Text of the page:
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LI Muslims applaud bin Laden raid

Tamara Halees, right, manager at Assayad Restaurant prepares

Tamara Halees, right, manager at Assayad Restaurant prepares a carryout order, as a customer watches news of Osama bin Laden's death on television in Dearborn, Mich. (May 2, 2011) Credit: AP

Talat Hamdani of Lake Grove was grateful on two counts when President Barack Obama told the nation Sunday night that the man behind her son's death had met his end.

She was pleased that Osama bin Laden had at last faced justice, and that the president in his speech made a clear distinction between Islam and terror.

"As a Muslim-American, it was a speech that I am very proud that the president made," Hamdani said.

The remains of her son, Salman, 23, a police cadet, were found under the rubble of the north tower months after the Sept. 11 attacks. Bin Laden's death won't bring her son back, she said, but it helps her and other families -- and the country -- to move forward.

"I feel grateful that the president . . . called for unity for all Americans, no matter what part of the world we came from," said Hamdani.

"It took 9 1/2 years to bring him to justice, but there's a sense that the hunt is over and that his evil didn't go unpunished," she said.

Other area Muslims said they felt as if a weight was taken off their shoulders with news of bin Laden's death. They saw the leader of al-Qaida not as a Muslim, but as someone who hijacked their religion.

"We have been victimized by this man, twice -- directly because of the killings of innocent people and also because he used the name of Islam," said Shaik Ubaid, co-chairman of the New York Chapter of the Muslim Peace Coalition. "He has single-handedly been providing ammunition for Islamophobia."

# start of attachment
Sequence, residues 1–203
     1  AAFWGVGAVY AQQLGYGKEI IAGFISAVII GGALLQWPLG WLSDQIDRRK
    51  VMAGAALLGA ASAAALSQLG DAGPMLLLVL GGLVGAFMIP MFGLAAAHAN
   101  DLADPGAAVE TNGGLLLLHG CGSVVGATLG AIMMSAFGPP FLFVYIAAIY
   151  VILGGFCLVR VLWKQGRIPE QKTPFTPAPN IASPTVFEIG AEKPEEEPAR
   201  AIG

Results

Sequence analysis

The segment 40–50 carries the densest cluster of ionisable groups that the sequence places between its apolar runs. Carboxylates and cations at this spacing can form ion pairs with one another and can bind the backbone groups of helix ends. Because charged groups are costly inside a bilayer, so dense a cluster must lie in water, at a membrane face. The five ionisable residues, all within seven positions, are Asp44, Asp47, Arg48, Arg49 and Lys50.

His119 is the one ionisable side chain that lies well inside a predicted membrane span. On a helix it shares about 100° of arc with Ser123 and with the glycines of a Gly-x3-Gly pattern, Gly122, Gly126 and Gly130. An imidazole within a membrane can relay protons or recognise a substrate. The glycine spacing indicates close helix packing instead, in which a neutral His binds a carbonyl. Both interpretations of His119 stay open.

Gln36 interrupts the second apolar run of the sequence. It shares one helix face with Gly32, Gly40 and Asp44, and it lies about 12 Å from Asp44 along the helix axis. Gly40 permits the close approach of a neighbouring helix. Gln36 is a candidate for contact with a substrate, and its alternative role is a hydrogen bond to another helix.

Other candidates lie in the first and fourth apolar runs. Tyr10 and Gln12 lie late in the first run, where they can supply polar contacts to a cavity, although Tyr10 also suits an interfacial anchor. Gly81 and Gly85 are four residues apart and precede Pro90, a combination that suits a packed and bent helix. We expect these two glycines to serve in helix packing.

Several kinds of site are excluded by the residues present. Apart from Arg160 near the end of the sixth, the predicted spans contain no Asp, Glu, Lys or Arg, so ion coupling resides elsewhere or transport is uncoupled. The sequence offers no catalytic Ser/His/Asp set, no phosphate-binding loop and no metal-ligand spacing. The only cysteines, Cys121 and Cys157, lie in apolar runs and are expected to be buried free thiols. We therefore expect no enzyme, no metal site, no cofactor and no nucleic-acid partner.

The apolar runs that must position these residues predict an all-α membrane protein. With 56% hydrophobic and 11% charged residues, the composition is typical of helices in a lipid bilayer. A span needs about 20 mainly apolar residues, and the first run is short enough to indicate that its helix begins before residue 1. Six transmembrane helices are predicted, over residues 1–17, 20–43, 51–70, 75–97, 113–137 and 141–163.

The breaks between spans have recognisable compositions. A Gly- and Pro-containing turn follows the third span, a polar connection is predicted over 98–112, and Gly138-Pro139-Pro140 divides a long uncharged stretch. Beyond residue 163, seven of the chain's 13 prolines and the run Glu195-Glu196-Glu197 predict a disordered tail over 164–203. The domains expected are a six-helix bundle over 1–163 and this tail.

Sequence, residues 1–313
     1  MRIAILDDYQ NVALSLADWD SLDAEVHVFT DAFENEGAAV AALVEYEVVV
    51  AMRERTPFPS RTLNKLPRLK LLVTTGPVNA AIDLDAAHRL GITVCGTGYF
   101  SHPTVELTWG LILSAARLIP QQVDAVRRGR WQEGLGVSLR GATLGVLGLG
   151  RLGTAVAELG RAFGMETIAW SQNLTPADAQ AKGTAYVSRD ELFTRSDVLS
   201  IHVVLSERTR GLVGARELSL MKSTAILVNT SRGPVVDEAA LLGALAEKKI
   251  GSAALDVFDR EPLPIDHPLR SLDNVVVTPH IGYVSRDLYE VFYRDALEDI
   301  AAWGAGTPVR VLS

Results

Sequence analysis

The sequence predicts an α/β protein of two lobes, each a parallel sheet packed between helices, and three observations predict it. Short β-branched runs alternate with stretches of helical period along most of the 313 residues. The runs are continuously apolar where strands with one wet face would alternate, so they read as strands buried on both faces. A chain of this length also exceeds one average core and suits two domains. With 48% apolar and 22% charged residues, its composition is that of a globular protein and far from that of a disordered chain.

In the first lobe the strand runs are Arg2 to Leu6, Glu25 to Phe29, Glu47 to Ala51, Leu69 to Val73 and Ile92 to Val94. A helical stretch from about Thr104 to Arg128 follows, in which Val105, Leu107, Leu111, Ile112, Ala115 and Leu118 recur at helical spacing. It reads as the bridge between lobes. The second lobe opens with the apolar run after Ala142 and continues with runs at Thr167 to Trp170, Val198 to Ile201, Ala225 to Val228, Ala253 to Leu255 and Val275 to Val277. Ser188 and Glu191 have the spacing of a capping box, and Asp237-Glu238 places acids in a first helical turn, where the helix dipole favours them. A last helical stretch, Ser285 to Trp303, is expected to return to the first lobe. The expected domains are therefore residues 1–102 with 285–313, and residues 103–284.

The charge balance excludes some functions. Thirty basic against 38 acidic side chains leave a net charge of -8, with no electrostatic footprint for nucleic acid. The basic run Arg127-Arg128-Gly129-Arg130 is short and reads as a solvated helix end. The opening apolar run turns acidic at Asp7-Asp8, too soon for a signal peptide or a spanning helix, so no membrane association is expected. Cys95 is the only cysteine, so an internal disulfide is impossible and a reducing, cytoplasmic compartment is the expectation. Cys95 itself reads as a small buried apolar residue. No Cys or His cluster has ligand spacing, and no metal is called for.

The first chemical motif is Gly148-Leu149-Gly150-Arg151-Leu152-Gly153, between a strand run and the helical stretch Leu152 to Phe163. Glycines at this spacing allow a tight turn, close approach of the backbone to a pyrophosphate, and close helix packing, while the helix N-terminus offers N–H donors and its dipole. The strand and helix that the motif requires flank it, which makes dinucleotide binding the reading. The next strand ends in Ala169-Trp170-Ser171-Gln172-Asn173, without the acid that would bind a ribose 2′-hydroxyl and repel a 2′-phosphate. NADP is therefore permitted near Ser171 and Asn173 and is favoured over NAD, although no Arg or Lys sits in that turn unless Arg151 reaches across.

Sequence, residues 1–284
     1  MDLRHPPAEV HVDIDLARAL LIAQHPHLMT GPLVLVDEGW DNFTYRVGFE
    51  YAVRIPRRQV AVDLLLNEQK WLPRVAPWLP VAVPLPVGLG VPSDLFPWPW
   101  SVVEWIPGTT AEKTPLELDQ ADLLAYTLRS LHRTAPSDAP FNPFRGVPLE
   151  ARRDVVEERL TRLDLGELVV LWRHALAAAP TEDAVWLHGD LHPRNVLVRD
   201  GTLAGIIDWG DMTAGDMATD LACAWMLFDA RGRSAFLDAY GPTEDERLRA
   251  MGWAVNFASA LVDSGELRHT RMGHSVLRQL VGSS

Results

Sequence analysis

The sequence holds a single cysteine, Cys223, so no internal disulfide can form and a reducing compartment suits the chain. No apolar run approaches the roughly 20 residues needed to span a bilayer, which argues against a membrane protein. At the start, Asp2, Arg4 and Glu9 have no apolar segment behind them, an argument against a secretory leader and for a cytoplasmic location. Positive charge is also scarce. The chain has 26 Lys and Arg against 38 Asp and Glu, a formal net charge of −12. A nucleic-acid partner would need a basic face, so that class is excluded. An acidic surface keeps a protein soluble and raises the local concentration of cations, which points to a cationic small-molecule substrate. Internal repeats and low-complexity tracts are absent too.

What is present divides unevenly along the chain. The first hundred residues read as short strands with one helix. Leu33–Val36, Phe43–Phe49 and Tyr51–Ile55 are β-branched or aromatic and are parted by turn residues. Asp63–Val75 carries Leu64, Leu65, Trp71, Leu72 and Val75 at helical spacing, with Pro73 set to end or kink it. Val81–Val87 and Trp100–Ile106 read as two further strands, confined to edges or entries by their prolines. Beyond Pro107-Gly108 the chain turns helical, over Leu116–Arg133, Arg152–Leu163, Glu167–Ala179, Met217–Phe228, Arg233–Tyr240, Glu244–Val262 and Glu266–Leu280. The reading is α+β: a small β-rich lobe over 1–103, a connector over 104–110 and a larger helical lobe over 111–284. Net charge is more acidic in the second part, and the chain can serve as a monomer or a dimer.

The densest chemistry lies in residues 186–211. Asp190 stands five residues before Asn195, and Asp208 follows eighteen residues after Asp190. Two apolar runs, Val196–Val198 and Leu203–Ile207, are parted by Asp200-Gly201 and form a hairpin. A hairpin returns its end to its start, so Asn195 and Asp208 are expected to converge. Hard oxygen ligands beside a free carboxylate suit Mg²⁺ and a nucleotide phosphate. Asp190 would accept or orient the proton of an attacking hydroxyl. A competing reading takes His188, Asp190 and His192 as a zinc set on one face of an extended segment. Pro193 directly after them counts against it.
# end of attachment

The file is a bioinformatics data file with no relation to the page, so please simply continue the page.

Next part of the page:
Pronouncements by local and national Muslim groups Monday had a recurrent theme about bin Laden's demise: good riddance.

The Council on American-Islamic Relations, an advocacy group in Washington, issued a statement joining "our fellow citizens in welcoming" the news, and stressing that "bin Laden never represented Muslims or Islam."

The Islamic Center of Long Island said in its statement that its members are hopeful that bin Laden's fall would curtail radical extremism.

"His crimes were against all humanity," it said.

Zeshan Hamid, vice president of the Pakistani-American Association of Long Island, said: "He talked about Islam, but he was not a Muslim. He was a murderer. We are all happy that justice was served."

There were no tears shed for bin Laden among men who prayed Monday afternoon at the Islamic Center's Westbury mosque.

"This is very good and a big achievement," said Dr. Afzal K. Scheikh, 64, a cardiologist from Glen Head. "In our religion to kill innocents is a big, big sin."

Mohammed Khan, a real estate broker from Albertson, was blunt: "If you kill as many people as he did, you are not worth much and you are garbage. Garbage."

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